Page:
Everyone has social media these days, even kids – they love to share photos and videos, chat with their friends, and look up things that interest them, just like we do. There is nothing wrong with using social networks to connect with people and grow friendships, but the trust is that there are certain risks in the online world that you need to protect your child from. One study found that around 68% of children accept friend requests from strangers sometimes – this isn’t a completely safe thing to do even if you are an adult, let alone a child. Since it’s not the best idea to stop a child from ever getting a social media profile, the best thing a parent can do is teach their child about the importance of safety on the internet.
Their accounts should be private
With social networks such as Facebook or Instagram, anyone can see your posts and pictures if your account isn’t private. This maybe isn’t a big deal to adults, but you definitely don’t want strangers to be able to see pictures of your child, or the post they share. That’s why all of your child’s social media accounts should be set to private. That way, people have to send a friend request or a follow request before they can see anything. Also, remind your child to check privacy settings regularly, since they tend to change often. You don’t want their posts to become open to the public suddenly just because there was a privacy update.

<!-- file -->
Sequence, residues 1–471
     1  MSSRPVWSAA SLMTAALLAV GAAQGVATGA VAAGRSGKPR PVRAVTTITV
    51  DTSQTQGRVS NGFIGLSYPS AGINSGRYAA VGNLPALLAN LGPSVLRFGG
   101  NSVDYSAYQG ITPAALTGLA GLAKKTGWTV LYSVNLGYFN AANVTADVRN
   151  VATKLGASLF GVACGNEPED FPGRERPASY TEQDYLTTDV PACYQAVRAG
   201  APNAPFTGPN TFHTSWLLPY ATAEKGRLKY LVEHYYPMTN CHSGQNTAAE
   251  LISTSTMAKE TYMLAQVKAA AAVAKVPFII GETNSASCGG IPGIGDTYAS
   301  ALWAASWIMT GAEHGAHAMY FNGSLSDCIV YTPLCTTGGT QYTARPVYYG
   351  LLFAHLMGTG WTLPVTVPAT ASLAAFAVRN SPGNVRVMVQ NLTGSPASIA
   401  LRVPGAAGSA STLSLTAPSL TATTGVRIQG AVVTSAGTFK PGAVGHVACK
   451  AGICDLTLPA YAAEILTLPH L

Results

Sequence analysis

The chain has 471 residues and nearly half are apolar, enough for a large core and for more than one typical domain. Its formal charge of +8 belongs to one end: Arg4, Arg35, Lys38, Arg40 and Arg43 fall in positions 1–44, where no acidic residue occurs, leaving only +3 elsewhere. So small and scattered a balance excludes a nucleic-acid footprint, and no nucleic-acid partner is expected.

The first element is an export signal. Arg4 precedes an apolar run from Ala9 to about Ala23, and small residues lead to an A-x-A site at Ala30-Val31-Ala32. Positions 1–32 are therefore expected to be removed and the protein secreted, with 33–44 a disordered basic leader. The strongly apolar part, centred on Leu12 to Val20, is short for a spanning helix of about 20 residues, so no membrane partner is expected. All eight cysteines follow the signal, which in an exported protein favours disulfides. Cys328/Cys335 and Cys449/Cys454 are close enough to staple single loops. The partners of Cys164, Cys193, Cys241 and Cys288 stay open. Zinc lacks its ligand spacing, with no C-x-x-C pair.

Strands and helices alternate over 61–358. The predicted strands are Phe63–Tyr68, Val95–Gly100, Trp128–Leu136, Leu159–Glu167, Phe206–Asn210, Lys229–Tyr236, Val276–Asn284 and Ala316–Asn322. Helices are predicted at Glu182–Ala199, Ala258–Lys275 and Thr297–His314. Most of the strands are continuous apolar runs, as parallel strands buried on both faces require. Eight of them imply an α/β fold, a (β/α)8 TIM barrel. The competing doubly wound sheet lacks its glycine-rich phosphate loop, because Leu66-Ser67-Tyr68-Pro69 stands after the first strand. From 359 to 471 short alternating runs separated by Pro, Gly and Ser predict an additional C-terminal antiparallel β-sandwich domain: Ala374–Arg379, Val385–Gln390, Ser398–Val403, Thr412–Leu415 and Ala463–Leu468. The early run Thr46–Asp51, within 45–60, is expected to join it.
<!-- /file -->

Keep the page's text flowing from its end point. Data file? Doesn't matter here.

Posting with caution
Another thing that you need to teach your child is that they should be careful about what they post online. They shouldn’t share any private information or inappropriate content, even if it seems fun at that moment. Our posts remain on the internet forever, even if you delete them at some point – you never know who downloaded your picture or screenshotted a post. Not to mention that some schools and businesses check their applicants’ social media profiles to find out more about them, so they shouldn’t post anything they don’t want their future professor or boss to see.
The main rule when it comes to accepting friend or follow requests is to accept only people you know. Explain to your child that accepting strangers comes with many dangers and that some of those strangers might try to misuse their access to your account. This means that they shouldn’t accept any adults they don’t know, as well as other children they don’t know. Some online imposters make fake profiles pretending to be children, so just because someone has a profile picture of a child, doesn’t necessarily mean they are who they say they are.
Bullying is a serious issue among kids and teenagers and it is rapidly transferring from the real to the online world. Bullying is easier online where you can hide behind your profile and say whatever you want without any consequences. This is why you need to teach your child to behave properly on the internet and that words hurt just the same whether you say them in person, or write them down. If your child is on the other side of bullying, try to explain to them that it is always better to talk to you or another adult about it than to deal with something like that on their own.